Personal blog of Alicia Fowler, aka @aliciaef, senior strategist at FutureBrand. Topics covered include brands, branding, technology, and space, and more!

Choice business words, or cat-nip for marketers.

Let me preface this post, and subsequent in this series, by saying I'm neither copywriter nor scholar of English. But, I love language and I want to be choosey about my words. Further, as a marketing professional, I believe agencies must become stewards of words. In business-speak: stewords.  

Imagine all the seals, credentials and designations you know. MBA, CPA, PhD, BPA-free, Organic, Good Housekeeping, etc. Each indicates an "in" crowd and an "out" crowd, and that's just what we want–an indication of truth and quality. Sometimes the credentials fail us, but their selectivity is our starting point as choosers in the worlds of business, accounting, academia, consumerism, etc.

So, now imagine the adjectives, adverbs, nouns and verbs we marketers use. Drive. Growth. Innovate. Engaging. Value. These words, especially when strung together, are cat-nip for marketers. I think I've even witnessed pupils dilate upon seeing these words.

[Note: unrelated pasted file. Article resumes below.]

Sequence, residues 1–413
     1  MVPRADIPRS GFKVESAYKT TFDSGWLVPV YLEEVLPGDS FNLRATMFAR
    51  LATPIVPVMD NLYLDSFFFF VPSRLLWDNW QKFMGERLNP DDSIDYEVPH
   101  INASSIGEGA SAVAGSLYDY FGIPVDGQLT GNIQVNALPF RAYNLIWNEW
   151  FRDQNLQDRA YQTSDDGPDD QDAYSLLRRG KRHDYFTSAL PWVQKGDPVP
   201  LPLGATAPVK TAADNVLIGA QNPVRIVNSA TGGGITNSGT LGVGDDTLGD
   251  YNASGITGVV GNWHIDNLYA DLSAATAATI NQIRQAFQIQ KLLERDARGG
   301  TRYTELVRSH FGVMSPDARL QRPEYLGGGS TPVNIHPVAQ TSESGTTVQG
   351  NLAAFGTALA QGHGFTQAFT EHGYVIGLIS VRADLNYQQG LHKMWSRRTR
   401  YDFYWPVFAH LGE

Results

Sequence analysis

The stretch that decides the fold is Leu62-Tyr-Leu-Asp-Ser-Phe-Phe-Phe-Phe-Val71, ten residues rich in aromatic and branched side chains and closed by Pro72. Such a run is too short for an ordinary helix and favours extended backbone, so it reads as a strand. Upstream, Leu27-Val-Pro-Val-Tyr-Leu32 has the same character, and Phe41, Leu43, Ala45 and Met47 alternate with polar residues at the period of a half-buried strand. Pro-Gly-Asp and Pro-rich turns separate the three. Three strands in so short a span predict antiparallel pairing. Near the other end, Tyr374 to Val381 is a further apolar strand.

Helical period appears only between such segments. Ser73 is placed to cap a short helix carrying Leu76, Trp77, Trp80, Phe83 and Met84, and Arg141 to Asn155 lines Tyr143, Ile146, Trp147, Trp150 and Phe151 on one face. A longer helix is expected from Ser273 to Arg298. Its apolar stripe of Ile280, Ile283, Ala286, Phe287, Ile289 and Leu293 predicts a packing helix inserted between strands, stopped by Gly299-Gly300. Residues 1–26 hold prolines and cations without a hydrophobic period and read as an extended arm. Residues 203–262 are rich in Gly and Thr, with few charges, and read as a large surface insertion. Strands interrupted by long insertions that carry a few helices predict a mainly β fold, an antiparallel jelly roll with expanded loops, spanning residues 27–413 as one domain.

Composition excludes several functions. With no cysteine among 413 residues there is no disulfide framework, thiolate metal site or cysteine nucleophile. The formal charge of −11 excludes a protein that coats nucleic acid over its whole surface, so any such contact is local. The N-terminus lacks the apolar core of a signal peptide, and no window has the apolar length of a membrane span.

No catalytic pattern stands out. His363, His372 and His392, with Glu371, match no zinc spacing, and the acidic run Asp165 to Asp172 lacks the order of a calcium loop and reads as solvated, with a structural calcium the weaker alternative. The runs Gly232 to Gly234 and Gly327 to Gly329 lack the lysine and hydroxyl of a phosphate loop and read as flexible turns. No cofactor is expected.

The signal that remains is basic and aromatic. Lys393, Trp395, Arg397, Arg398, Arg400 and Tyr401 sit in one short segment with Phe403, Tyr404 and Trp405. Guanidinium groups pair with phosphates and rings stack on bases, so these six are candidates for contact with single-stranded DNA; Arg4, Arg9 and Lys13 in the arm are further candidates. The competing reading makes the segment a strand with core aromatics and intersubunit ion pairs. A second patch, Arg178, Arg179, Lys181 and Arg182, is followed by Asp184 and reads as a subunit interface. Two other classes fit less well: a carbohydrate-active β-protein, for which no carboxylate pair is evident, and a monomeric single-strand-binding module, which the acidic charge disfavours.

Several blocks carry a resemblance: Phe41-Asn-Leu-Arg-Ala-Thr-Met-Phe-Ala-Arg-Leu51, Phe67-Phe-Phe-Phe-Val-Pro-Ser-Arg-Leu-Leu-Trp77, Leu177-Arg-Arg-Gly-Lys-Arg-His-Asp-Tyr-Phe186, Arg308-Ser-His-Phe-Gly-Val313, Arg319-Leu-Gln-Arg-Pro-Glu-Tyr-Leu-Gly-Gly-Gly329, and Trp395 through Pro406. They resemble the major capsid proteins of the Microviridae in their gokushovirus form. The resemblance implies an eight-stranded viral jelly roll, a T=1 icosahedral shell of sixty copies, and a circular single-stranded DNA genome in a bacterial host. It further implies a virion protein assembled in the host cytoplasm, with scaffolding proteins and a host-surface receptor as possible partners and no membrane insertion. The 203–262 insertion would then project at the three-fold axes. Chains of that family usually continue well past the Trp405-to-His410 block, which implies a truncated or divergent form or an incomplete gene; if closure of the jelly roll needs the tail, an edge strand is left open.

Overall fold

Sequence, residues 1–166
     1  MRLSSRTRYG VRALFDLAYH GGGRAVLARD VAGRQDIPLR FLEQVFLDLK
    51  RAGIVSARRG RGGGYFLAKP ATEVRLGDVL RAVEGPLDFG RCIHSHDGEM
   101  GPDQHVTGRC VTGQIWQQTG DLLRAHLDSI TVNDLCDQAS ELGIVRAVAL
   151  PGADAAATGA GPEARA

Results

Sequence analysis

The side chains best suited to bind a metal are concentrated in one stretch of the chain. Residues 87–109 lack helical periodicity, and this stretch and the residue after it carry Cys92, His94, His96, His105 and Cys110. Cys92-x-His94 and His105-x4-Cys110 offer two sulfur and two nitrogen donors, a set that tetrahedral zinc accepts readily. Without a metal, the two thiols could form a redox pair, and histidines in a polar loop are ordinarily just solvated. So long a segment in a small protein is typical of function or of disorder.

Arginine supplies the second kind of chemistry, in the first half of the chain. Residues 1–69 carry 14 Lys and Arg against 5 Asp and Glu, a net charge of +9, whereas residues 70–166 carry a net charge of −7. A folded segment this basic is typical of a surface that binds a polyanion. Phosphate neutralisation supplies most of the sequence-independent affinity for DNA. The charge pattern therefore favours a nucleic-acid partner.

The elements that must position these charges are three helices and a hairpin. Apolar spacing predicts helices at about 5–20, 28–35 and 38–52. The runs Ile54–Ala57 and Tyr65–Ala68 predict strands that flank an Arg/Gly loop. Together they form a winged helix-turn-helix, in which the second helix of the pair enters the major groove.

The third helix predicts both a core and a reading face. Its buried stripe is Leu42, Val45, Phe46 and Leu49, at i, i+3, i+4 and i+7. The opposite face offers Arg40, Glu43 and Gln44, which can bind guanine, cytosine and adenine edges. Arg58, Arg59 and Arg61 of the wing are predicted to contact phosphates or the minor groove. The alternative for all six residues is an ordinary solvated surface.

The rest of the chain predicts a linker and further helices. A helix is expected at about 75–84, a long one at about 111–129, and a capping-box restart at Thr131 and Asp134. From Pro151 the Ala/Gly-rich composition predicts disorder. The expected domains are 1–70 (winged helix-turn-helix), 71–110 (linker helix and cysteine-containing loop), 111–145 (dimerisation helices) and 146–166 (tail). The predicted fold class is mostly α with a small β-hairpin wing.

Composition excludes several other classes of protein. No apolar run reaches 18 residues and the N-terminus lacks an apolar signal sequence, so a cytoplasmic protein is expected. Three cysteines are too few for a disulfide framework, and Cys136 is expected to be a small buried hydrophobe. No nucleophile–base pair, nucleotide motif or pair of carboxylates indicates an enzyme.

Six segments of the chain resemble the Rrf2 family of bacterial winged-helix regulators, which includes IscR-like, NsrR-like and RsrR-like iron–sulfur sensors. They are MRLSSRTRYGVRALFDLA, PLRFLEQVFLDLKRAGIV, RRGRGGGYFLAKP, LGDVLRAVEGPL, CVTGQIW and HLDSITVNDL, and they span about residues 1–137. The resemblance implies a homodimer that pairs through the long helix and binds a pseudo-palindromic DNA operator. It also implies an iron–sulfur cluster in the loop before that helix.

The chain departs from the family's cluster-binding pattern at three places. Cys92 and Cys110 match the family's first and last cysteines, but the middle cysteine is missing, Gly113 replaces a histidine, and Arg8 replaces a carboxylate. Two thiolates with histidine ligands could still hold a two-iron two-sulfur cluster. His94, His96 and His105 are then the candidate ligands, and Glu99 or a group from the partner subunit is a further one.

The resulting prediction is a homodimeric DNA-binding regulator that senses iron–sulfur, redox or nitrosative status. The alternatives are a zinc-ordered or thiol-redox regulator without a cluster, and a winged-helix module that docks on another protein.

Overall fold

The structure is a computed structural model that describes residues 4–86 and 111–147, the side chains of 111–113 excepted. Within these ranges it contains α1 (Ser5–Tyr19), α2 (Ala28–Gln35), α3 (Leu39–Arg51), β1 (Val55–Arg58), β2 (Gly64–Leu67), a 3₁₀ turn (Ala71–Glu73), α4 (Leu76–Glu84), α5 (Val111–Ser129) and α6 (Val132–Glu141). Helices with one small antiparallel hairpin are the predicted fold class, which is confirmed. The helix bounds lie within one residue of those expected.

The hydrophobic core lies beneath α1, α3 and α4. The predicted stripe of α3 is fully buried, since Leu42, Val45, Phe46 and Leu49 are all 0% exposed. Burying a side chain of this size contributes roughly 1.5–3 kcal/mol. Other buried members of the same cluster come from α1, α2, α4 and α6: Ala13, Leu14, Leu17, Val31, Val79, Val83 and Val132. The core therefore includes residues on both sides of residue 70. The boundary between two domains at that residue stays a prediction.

A lot of these words when strung together bother me because the results feel dull and sadly hackneyed at this point. However, one verb and its noun and adjective form, really gets my blood boiling and my mind turning:


I'll keep the reasons short and limited to two. 

  1. I'm agnostic as to the existence of "innovate" as a verb. We tinker, we adjust, we imagine, but do we "innovate"? Can I sit down at a table, armed with a hammer, some metal, a sharpie and say to myself, "Today, I innovate"? Or is what we do a series of actions that in their sum amount to an innovation? I'm leaning toward the latter, which is raising an existential dilemma for another time.
  2. Few companies and people are "innovative", and even fewer have really achieved "innovation". What we have done as a marketing society, is subvert a wonderful word whose usage now stands in direct contradiction to its definition. What was once novel is now quite commonplace, and every Joe, Jane and Job creates that subversion, everyday, with the misuse and abuse of "innovate", "innovation" and "innovative". 

Applying the word inappropriately impairs our ability to choose to some extent, but worse, it deters our desire to listen. If the boy who cried wolf wasn't heard in an emergency, who will care to listen when we speak of a true innovation?